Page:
With international travel and voluntourism filling the bucket lists of many young Australians, our own (very big) backyard can be the last place many of us look for new and enriching experiences.
I was wondering how hot it was going to be when I disembarked from the plane at Broome. I soon worked that out when I put my hand on the window pane and felt the heat trying to penetrate the glass. When I stepped off the plane it was the hottest I had ever experienced.
To complement my Bachelor of Arts Degree, I thought that it would useful to gain some work experience. I have always been interested in Indigenous affairs, so the Aurora Internship Program was an obvious choice for me.
After having recently graduated from my BA in anthropology and archaeology I decided to apply for my third internship through the Aurora Internship Program and was privileged enough to be successful.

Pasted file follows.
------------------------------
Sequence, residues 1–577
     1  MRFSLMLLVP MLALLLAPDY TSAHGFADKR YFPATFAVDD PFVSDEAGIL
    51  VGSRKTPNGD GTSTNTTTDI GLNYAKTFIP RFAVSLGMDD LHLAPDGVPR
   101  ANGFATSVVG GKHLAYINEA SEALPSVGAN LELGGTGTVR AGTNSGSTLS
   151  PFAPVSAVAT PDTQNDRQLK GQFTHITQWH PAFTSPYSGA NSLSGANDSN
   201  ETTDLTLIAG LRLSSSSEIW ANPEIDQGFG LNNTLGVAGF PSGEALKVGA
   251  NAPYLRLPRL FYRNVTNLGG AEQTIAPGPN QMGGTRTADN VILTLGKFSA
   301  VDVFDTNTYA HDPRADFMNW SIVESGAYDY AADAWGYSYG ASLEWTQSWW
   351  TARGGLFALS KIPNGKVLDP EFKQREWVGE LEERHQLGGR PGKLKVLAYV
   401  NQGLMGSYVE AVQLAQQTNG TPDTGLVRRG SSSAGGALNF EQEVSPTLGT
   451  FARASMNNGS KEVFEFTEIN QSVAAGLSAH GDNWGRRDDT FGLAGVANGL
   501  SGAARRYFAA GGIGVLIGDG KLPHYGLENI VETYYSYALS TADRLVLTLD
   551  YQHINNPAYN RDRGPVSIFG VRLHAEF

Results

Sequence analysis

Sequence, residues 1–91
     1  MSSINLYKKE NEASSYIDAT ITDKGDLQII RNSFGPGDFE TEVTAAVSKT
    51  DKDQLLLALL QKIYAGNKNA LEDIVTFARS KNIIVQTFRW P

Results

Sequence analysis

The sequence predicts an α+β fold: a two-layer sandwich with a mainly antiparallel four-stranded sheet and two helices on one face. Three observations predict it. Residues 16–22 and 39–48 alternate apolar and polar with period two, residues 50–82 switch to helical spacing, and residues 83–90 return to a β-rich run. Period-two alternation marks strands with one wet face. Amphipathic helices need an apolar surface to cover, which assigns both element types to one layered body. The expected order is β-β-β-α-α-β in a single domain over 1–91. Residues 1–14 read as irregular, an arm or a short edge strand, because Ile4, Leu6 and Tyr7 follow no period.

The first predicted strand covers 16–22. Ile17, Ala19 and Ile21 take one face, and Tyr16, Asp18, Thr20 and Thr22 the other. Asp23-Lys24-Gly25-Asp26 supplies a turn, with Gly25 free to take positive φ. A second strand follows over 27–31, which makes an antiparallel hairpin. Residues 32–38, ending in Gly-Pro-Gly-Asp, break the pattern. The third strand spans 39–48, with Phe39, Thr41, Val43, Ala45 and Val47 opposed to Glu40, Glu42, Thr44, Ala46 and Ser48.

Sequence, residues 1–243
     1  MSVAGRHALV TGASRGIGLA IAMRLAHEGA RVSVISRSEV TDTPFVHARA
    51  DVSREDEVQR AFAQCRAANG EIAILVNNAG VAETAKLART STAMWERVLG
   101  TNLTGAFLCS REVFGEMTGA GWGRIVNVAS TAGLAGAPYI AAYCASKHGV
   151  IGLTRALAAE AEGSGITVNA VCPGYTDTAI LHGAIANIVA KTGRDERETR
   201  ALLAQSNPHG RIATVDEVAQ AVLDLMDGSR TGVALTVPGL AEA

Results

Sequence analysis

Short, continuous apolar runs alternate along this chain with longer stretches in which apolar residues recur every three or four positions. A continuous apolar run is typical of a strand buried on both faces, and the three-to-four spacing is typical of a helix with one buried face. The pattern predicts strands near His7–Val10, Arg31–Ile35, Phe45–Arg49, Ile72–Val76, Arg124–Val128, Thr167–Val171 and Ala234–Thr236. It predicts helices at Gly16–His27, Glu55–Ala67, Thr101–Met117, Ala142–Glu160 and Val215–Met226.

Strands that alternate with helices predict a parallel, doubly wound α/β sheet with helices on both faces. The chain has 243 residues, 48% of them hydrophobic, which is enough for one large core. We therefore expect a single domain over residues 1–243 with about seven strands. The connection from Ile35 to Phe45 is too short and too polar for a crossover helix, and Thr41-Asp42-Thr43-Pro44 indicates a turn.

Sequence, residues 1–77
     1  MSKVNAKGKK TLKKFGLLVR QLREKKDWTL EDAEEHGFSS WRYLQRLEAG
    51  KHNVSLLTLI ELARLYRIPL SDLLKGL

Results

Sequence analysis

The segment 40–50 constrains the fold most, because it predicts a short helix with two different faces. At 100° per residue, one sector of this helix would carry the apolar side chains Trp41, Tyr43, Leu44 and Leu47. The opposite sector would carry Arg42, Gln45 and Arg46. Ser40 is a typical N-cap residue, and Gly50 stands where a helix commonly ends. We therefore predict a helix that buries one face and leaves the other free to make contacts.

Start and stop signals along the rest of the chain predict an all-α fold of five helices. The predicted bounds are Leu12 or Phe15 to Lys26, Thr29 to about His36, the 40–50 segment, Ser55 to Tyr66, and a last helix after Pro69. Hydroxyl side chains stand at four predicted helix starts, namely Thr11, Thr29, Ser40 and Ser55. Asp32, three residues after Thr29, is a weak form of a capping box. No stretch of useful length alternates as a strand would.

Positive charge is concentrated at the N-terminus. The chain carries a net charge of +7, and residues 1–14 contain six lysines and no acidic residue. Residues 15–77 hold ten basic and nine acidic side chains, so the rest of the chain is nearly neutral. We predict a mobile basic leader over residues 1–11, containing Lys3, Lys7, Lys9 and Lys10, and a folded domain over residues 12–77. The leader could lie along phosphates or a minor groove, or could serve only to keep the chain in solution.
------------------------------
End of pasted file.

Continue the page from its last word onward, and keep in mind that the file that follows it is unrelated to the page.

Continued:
When I applied to the Aurora Internship Program I did not know what acceptance would entail, or even if I would enjoy the experience- I just knew that it was something I desperately wanted to try. I had a newly found passion for social justice and human rights.
Just before the summer wet set in to cut through the humid mass of air sitting upon Darwin, I arrived to spend 5 weeks working with the Legal Branch of the Northern Land Council (NLC) as part of the Aurora Internship Program.
I was placed at the Goldfields Land and Sea Council (GLSC) for five weeks as part of the Aurora Internship Program summer 2016/17 round.
In early 2017, I had the privilege of undergoing my second Aurora internship as part of the Aurora Internship Program at the Northern Land Council’s East Arnhem regional office in Nhulunbuy.
The phrase ‘penultimate year’ seems to appear everywhere, for law students feeling the pressure to gain experience before graduating. Despite somehow being in my seventh year at uni (a terrifying realisation!), it felt like I’d blinked and was at the pointy, decision-making end of my studies.
Prior to my time at GLSC I was unaware of how native title operates once a determination has been made by the court. I was surprised to discover that native title does not operate in its own bubble as one area of law. During my two weeks at GLSC I was also exposed to corporate law and contract